Firmware Design

Final Project for Principles of Engineering
All of the Arduino IDE firmware code was compiled into a single script. This reflected our goal of a compact and polished project goal, as we attempted to minimize the number of Arduinos we needed in the system. With all the code compiled into a single Arduino, it is easy to observe how all the code runs in parallel.

Adafruit_MotorShield AFMS_bot = Adafruit_MotorShield(0x60); // Default address, no jumpers
Adafruit_MotorShield AFMS_top = Adafruit_MotorShield(0x61); // Rightmost jumper closed

Adafruit_DCMotor *M1 = AFMS_bot.getMotor(1);
Adafruit_DCMotor *M2 = AFMS_bot.getMotor(2);
Adafruit_DCMotor *M3 = AFMS_bot.getMotor(3);
Adafruit_DCMotor *M4 = AFMS_bot.getMotor(4);
Adafruit_DCMotor *M5 = AFMS_top.getMotor(5);
Adafruit_DCMotor *M6 = AFMS_top.getMotor(6);
Adafruit_DCMotor *M7 = AFMS_top.getMotor(7);
Adafruit_DCMotor *M8 = AFMS_top.getMotor(8);
int M1_s = 40; //set motor speeds
int M2_s = 40;
int M3_s = 40;
int M4_s = 40;
int M5_s = 40;
int M6_s = 40;
int M7_s = 40;
int M8_s = 40;

At the beginning of the Arduino code, we initialize settings and libraries we will use. We initialize the adafruit motor library, which allows to use motor shields for the Arduino uno effectively, and initialize each of our 8 motors and set their initial speed.

// You can choose the latch pin yourself.
const int ShiftPWM_latchPin=8;
const bool ShiftPWM_invertOutputs = false;
const bool ShiftPWM_balanceLoad = false;

#include    // include ShiftPWM.h after setting the pins!

// Function prototypes (telling the compiler these functions exist).
void breatheSleep(void);
void oneByOne(void);
void inOutTwoLeds(void);
void inOutAll(void);
void alternatingColors(void);
void hueShiftAll(void);
void randomColors(void);
void rgbLedRainbow(unsigned long cycleTime, int rainbowWidth);

// Here you set the number of brightness levels, the update frequency and the number of shift registers.
// These values affect the load of ShiftPWM.
// Choose them wisely and use the PrintInterruptLoad() function to verify your load.
unsigned char maxBrightness = 255;
unsigned char pwmFrequency = 75;
unsigned int numRegisters = 3;
unsigned int numOutputs = numRegisters*8;
unsigned int numRGBLeds = numRegisters*8/3;
unsigned int fadingMode = 0; //start with all LED's off.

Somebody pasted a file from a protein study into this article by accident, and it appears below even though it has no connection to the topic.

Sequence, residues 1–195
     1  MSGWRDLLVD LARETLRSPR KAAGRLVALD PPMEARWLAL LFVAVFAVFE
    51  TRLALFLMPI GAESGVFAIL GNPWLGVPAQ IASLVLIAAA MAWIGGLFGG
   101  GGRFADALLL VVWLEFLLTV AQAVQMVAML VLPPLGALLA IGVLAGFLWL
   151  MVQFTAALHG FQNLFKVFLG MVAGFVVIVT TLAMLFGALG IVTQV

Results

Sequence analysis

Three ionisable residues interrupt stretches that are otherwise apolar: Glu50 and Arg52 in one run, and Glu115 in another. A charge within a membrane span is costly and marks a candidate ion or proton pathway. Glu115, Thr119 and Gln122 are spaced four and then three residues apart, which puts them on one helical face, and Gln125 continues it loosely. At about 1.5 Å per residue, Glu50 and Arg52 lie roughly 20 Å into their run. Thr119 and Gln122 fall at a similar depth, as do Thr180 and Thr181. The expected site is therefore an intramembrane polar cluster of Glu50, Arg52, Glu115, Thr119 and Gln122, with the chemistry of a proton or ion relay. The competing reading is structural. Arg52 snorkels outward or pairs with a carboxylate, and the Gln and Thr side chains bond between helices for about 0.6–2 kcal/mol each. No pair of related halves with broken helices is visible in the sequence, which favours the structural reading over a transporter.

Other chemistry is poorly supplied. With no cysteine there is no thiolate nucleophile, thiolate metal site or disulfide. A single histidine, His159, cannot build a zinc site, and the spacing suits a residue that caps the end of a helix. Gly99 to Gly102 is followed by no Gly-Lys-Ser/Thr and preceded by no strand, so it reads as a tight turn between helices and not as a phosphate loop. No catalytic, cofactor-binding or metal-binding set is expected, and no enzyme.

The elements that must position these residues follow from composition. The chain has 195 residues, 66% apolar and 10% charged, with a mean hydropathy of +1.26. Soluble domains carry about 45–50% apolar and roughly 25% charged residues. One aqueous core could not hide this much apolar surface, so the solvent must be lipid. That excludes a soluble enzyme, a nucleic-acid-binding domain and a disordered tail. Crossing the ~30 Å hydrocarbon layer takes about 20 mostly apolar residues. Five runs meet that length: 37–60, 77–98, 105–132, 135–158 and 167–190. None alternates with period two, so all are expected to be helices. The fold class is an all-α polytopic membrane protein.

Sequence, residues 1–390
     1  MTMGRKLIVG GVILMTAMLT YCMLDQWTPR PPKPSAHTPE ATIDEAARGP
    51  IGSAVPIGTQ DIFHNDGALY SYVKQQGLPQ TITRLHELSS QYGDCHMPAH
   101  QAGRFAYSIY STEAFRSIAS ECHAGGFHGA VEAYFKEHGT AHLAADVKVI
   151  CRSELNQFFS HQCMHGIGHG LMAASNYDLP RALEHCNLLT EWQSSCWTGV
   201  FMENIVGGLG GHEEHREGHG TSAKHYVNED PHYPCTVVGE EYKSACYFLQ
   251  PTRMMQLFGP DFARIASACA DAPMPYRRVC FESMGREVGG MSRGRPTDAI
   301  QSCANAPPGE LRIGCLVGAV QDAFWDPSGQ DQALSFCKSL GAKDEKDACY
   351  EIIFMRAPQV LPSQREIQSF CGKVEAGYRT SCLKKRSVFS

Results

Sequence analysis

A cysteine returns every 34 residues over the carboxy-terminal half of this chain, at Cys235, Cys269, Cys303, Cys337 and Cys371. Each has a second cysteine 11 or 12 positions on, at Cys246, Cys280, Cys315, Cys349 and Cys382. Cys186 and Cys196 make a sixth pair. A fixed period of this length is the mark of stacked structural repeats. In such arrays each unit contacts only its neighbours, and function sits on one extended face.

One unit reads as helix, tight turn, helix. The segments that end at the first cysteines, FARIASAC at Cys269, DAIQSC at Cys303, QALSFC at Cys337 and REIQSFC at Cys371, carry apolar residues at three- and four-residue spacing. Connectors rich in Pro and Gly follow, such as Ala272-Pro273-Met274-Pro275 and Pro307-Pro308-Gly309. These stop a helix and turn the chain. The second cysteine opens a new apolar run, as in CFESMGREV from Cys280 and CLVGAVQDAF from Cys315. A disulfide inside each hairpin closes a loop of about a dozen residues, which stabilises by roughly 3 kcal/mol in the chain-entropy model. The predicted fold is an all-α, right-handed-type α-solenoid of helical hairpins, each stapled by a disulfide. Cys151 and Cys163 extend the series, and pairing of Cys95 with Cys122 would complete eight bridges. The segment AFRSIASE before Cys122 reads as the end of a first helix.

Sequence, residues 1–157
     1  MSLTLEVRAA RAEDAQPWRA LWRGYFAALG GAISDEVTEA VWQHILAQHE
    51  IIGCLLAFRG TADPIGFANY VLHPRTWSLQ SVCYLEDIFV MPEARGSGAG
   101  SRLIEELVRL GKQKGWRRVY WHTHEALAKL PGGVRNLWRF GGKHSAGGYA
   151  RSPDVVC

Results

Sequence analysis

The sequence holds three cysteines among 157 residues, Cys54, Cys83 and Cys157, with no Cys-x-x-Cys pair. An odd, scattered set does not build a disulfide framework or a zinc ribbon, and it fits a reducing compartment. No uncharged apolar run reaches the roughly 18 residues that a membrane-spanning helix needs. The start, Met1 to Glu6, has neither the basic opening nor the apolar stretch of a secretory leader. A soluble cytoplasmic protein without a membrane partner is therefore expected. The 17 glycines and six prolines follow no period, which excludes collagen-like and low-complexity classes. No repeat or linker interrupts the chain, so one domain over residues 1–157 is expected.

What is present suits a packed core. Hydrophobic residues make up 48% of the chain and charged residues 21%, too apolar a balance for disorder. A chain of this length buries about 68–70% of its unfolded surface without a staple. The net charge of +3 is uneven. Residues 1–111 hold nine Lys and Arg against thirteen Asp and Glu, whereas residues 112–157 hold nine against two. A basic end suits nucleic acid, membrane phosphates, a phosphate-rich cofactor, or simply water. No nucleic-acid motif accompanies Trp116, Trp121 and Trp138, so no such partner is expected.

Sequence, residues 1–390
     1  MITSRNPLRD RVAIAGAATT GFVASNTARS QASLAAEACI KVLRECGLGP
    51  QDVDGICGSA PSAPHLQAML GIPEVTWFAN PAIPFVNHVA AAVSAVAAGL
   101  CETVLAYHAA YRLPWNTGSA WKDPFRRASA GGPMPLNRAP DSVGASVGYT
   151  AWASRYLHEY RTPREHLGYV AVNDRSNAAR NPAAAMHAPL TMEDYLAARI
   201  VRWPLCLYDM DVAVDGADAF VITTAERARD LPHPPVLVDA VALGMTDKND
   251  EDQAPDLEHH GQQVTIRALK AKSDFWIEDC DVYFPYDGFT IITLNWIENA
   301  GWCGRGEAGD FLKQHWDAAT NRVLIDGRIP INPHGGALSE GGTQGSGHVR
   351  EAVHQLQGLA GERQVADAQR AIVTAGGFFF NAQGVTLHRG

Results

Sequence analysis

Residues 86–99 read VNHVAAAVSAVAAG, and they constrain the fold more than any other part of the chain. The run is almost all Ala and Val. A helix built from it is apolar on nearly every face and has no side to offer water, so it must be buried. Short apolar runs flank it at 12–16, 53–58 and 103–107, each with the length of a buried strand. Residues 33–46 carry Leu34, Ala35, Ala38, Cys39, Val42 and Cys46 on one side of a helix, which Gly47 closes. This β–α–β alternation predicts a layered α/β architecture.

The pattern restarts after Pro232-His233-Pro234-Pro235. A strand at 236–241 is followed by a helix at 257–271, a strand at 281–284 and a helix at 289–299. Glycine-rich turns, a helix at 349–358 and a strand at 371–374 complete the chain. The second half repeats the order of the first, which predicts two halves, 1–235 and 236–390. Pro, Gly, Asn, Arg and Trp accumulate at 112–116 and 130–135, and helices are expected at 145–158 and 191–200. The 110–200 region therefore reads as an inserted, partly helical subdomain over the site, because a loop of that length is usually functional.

unsigned long startTime = 0; // start time for the chosen fading mode

Further initialization include LED interaction setups, and defining LED function definitions for later. Each LED is hooked to 3 digital pins, and the mixture of RGB of each LED defined the final color the LED was. LED functions down below included input triggered patterns and so forth.

byte photoDiode_pin = A1;
long pd_bright;
long offsetTime = 0; //Used to create offset

// set up mode variable
byte mode = 0;
byte prev_mode = 0;

byte knock_pin = A3;
int state = 0; // Active = 1, Passive = 0
int counter = 0; // counts knocks up to 3
int impactval;
long prevTime = 0;


The final initialization relates to the photodiode and accelerometer, the electrical components on the protoboard. For these components, the variables that will be used to store counters (for counting the number of knocks) and the read values from the accelerometer and the photodiode initialized.

Further initialization include LED interaction setups, and defining LED function definitions for later. Each LED is hooked to 3 digital pins, and the mixture of RGB of each LED defined the final color the LED was. LED functions down below included input triggered patterns and so forth.

void setup() {

  // Sets the number of 8-bit registers that are used.

  // SetPinGrouping allows flexibility in LED setup. 
  // If your LED's are connected like this: RRRRGGGGBBBBRRRRGGGGBBBB, use SetPinGrouping(4).

AFter the initialization is complete, the Arduino code is set up. In the setup process, the motor speeds initialized above are applied, and the motors are now given their initial speeds. Also, the LED pins are grouped together for flexibility and simplification in commanding.

void loop() {
  if ((millis()-prevTime)> 1000){
    counter = 0;
  if (Serial.available() > 0){
    mode = - 48;
    startTime = millis();
//  if (mode == prev_mode){
//    continue;
//  }
  pd_bright = map(analogRead(photoDiode_pin), 800, 1000, 0, 200);
//  pd_bright = map(analogRead(photoDiode_pin), 500, 900, 0, 255);
//  Serial.println(analogRead(photoDiode_pin));
  if (pd_bright < abs(100)){
  if (counter == 1){
    mode = 3;
    startTime = millis();
  else if (counter == 2){

    case 1:
    case 2:
    case 3:
    case 4:


After all the variables are initialized, the code enters the main void loop. In this loop, there are two main interactions. The first main function of the main loop is the knock sensing. For the knocking, if a knock didn’t happen for over a certain period of time, we reset the knock counter to zero, as we only want consecutive knocks to register as “knocks”. When the counter registers one knock, LED toggling happens, and if it registers two knocks, it toggles a serial interaction with the raspberry pi.

The serial communication initially occurs with a self written “serial flush” function. Sometimes, due to us attempting two way communication between the Arduino and the Pi, there is unwanted noise and echo in the serial terminal. The serial flush function resets the serial terminal so that these noises do not hinder the communication process.

The switch-cases after the two major functions are different states the desktop companion is in. These states are accessed by the different inputs and interactions. Different cases equate to different emotions of the kinetic sculpture, and it will output different types of LED patterns and make different faces on the screen attached to the sculpture. Each of the LED pattern commands are linked here, in our github repository.